Talking Points

The October inflation report might spell doom for what's left of Biden's agenda

The latest news on inflation is bad: Consumer prices were up in October by 6.2 percent over a year ago, so high that American workers are losing ground despite recent wage gains. That's grim news for Democrats who have lately been feeling the wrath of voters — but also because it might stymie their efforts to pass the "Build Back Better" social welfare bill. 

Passing that bill, of course, relies on the good graces of Sen. Joe Manchin (D-W.Va.). And while Manchin has been negotiating with his fellow Democrats to get that bill down to a size and shape that both sides find acceptable, he has long signaled his ambivalence about passing anything at all.

His stated reason: Inflation.

Manchin has been making the case for months that the government has already overheated the economy with its spending on pandemic-era safety net efforts like stimulus checks, unemployment, and other big-ticket items. In September, he called for a "strategic pause" on passing any more major spending bills instead of "rushing to spend trillions" and possibly making the problem worse.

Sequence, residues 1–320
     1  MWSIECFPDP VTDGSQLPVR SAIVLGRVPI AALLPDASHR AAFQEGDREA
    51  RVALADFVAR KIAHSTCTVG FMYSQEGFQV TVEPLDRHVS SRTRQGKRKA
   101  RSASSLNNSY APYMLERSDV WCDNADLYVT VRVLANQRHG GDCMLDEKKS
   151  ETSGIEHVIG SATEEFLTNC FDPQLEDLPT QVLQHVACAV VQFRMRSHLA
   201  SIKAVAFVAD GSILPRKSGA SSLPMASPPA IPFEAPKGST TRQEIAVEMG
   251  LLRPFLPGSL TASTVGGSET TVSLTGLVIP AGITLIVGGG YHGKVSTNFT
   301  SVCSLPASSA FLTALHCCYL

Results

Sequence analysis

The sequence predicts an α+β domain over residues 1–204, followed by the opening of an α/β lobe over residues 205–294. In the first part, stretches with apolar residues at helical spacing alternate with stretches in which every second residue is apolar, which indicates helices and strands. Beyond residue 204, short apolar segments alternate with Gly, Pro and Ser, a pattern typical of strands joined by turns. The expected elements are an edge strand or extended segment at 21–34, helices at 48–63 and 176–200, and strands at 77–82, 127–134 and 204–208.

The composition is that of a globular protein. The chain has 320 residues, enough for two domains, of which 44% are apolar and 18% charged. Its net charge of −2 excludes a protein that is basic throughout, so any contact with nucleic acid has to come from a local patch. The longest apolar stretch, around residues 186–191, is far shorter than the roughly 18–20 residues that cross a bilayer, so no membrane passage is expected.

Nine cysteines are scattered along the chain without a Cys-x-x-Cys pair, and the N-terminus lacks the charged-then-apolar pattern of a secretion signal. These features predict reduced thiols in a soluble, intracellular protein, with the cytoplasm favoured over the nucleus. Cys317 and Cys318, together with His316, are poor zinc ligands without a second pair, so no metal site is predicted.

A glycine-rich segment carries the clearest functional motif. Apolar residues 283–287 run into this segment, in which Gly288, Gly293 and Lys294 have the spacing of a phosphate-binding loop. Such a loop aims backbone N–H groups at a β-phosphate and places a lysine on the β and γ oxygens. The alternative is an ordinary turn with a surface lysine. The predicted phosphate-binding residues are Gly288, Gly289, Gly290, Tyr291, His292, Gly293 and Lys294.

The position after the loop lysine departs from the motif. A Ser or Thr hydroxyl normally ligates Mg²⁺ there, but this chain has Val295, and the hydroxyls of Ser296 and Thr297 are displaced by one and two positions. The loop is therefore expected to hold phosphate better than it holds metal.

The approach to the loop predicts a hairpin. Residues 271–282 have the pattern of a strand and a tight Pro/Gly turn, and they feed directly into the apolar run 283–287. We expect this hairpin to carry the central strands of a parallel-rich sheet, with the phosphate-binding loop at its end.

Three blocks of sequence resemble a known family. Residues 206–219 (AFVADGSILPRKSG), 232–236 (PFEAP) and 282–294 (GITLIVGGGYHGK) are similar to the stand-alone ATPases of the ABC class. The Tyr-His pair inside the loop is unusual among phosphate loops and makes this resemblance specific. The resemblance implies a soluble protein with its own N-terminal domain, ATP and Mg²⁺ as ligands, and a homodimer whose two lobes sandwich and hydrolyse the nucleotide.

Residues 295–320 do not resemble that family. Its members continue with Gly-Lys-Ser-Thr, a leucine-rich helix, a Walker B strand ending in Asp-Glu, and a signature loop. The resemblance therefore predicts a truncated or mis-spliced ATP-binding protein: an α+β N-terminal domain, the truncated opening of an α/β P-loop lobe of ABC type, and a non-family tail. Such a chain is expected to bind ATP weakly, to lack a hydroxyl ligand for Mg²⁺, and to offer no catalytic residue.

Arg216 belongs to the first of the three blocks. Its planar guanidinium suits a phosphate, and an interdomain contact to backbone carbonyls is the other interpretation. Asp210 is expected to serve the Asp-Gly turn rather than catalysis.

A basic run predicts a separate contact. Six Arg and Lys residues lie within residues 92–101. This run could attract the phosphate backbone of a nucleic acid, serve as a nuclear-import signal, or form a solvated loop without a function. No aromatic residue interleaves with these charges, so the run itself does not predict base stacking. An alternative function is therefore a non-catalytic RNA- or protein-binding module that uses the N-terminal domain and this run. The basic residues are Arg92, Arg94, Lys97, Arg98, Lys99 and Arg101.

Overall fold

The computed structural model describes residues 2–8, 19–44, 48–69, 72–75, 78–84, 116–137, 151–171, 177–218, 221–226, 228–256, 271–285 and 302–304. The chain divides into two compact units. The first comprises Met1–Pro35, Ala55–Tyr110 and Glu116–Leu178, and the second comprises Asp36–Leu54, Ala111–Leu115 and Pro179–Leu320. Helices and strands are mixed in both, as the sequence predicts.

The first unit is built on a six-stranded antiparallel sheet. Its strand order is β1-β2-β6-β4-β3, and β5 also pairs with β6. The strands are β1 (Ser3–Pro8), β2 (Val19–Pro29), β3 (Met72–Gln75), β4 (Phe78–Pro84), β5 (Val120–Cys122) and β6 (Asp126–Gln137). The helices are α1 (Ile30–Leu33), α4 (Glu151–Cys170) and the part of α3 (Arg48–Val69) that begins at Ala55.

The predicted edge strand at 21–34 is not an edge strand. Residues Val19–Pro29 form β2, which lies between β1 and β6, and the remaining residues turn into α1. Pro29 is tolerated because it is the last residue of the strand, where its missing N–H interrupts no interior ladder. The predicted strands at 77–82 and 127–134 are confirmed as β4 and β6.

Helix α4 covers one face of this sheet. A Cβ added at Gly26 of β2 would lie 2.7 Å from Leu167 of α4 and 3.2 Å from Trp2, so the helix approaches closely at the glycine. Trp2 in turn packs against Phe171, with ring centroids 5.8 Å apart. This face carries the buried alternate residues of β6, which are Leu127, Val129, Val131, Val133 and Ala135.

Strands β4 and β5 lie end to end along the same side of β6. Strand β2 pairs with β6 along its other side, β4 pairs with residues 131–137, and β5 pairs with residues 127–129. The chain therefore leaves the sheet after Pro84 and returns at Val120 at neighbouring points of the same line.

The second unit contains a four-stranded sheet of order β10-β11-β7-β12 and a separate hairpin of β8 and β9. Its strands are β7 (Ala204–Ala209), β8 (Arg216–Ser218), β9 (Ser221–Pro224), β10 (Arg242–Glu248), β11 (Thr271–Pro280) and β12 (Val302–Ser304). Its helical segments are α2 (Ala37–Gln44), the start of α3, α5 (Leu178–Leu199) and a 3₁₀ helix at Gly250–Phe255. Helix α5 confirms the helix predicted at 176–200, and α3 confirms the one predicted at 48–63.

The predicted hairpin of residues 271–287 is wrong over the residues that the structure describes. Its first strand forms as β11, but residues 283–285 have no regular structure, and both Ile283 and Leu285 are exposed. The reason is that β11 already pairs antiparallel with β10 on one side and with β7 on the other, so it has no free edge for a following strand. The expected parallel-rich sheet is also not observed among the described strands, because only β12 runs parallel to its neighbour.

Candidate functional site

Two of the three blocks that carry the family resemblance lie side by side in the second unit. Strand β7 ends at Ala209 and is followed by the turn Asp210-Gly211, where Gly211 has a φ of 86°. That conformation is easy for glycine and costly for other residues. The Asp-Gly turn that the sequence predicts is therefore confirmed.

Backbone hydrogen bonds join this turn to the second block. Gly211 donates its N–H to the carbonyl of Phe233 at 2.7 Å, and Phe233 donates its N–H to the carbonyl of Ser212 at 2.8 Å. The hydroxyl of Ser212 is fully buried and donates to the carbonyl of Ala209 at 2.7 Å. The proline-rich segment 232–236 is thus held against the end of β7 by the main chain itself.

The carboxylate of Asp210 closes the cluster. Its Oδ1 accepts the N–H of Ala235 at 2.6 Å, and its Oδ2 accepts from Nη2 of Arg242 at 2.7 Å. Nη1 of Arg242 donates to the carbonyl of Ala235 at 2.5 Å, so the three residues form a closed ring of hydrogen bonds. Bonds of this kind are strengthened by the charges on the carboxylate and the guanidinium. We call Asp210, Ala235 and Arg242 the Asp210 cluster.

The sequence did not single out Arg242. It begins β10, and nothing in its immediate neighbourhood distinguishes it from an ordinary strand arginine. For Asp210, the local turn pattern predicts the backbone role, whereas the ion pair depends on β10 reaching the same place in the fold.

After the latest inflation report was released Tuesday morning, Manchin was feeling some vindication. "By all accounts, the threat posed by record inflation to the American people is not 'transitory' and is instead getting worse," the senator tweeted. "From the grocery store to the gas pump, Americans know the inflation tax is real and D.C. can no longer ignore the economic pain Americans feel every day." 

That's not a direct threat to kill the BBB bill, but it is a strong hint that Manchin isn't in any real hurry to get the job done. 

The problem with Manchin's position, though, is that it's not clear that slowing government spending will put much of a dent in inflation, which is driven to some extent by the now-legendary supply chain snarls. One example: Vehicle prices have skyrocketed in the last year — nearly 10 percent for new cars and more than 25 percent for used autos. But those prices are driven by a shortage in computer chips. How will, say, killing the proposal for paid family leave help that situation? 

Moreover, the rise in inflation doesn't suddenly mean Americans no longer need what's in the BBB bill — things like childcare assistance and an extension of child tax credit payments, climate change mitigation, Medicaid expansion, and affordable housing. For many families, inflation will make their needs for such help even more insistent. It shouldn't be an excuse to kill off what's left of President Biden's agenda.